Every day, we push against the status quo and make difficult choices. Every day, we seek to increase one metric at the expense of the other. The architecture of the successful organization depends on choosing and embracing these extremes.

The feedback you've been waiting for

"You did a great job. This is exactly what I was hoping for. I wouldn't change a thing. You completely nailed it, it's fabulous."

Of course, that's not feedback, really. It's applause.

Applause is great. We all need more of it.

But if you want to improve, you should actively seek feedback. And that feedback, if it's more than just carping, will be constructive. It will clearly and generously lay out ways you can more effectively delight your customers and create a remarkable experience that leads to ever more customers.

If you're afraid of that feedback, it's probably not going to arrive as often as you'd like it to. On the other hand, if you embrace it as the gift it can be, you may decide to go looking for it.

Empty criticism and snark does no one any good. But genuine, useful, insightful feedback is a priceless gift.

Applause is good too.

Understanding sponsorship

The answer to the question, "how are you going to pay for this project?" is turning out to be sponsorship more and more often. If you don't know why organizations want to sponsor things, though, it's likely a long, hard road to find the sponsorship you seek.

As the number of media options continue to explode (blogs, books, conferences, tattoos, speaking engagements, film festivals, stadiums, entire websites...) it's worth thinking a little bit about why organizations buy sponsorships.

1. It might be a substitute for advertising. How many people see it? How much does it cost per person? (this is the cpm, but instead of cost per thousand page views or magazine readers, it's cost per thousand impressions, which come in a myriad of ways). I think this is the film festival/book fair model. It's a reasonable way to reach a hard to reach, high value group.

2. It might be a bragging rights thing. This means that the sponsor isn't focused on tonnage, but instead wants the affiliation that they can mention to others. Sort of a reverse endorsement. The thing being sponsored isn't a media outlet, then, but a license by affiliation. An example of this might be sponsoring a speaker coming to town. Clearly, the 500 people in the audience don't constitute a useful CPM, but the fact that you did it gains you authority with those that notice what you did.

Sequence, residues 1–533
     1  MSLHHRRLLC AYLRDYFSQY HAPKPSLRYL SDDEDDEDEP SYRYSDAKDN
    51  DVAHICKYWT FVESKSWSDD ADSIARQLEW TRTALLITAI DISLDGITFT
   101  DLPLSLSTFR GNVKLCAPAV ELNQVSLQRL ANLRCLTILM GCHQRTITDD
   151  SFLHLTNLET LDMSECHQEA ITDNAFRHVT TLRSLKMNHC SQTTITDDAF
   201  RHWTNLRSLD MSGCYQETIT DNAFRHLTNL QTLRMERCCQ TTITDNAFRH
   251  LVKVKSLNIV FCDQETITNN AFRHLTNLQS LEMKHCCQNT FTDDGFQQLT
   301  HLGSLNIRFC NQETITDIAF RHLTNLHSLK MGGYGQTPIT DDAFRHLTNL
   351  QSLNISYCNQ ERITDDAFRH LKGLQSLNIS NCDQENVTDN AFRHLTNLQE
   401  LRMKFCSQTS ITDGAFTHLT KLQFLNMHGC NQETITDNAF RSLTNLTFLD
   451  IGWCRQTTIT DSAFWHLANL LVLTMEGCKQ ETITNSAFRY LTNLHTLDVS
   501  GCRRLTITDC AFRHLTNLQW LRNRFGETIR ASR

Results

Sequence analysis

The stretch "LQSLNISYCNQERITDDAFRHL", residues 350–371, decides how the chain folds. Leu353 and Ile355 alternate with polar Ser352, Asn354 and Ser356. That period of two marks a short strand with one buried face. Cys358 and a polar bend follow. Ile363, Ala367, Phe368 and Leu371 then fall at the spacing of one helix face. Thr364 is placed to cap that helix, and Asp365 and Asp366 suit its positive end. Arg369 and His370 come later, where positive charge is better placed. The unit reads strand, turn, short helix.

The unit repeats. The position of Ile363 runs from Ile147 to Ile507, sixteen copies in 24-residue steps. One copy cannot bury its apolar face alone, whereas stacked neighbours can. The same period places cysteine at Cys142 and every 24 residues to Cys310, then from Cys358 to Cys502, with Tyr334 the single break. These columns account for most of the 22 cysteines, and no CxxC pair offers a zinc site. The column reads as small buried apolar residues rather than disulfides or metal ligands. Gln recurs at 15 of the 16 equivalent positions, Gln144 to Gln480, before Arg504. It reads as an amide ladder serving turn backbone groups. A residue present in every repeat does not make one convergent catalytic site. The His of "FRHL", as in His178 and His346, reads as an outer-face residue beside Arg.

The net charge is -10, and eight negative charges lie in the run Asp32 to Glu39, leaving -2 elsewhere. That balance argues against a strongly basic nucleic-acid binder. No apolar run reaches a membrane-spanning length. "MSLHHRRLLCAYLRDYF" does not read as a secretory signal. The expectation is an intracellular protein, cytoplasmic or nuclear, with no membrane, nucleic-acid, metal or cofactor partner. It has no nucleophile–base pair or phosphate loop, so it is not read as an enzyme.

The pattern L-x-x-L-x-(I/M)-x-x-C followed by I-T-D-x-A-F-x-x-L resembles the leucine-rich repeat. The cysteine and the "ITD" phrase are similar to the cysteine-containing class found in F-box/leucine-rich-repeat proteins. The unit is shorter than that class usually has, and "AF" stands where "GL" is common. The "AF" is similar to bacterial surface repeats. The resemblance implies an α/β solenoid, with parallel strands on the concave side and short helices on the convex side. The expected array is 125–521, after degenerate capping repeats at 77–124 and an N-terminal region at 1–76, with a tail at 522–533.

3. It might be a chance to influence the organization being sponsored. This would explain why big corporations are willing to sponsor political conventions.

4. It might be a useful way to inspire and focus your internal organization. When the people who work for you see you sponsoring a worthy charity or a thoughtful opinion leader, it changes how they do their job or how they focus their efforts.

5. It makes the CEO happy and earns the organization a seat at certain sorts of tables. I think this is the model for sponsoring a sports stadium, an act that has never been shown to have any value at all as a mass media choice.

Because there are so many ways to come at this, valuing a sponsorship is difficult indeed. If you're a bank sponsoring a bike sharing service, how do you compare that to five-hundred full page newspaper ads (about the same price over a certain period of time). Of course, you don't. You can't. Instead, you must be really clear internally about what it's for.

In general, if you're clear about which of these five things you're shooting for, most sponsorships are a screaming bargain compared to traditional media buys, particularly if you're trying to reach an elite or elusive demographic.

How much does it cost you to avoid the feeling of risk?

Not actual risk, but the feeling that you're at risk?

How many experiences are you missing out on because the (very unlikely) downsides are too frightening to contemplate?

Are you avoiding leading, connecting or creating because to do so feels risky?

Feeling risk is very different than actually putting yourself at risk. Over time, we've created a cultural taboo about feeling certain kinds of risk, and all that insulation from what the real world requires is getting quite expensive.

It's easy to pretend that indulging in the avoidance of the feeling of risk is free and unavoidable. It's neither.

Trapped by tl;dr

TL;DR is internet talk for "too long; didn't read". It's also a sad, dangerous symptom of the malfunctions caused by the internet tsunami. (Here's a most ironic example of this paradox...)

The triathlete doesn't look for the coldest bottle of water as she jogs by... she wants it fast and now. That mindset, of focusing merely on what's fast, is now a common reaction to many online options. I think it works great for runners, not so well for learners.

There's a checklist, punchline mentality that's dangerous and easy to adopt. Enough with the build up, wrap this up, let me check it off, categorize it and quickly get to the next thing... c'mon, c'mon, too late, TL;DR...

Let's agree on two things: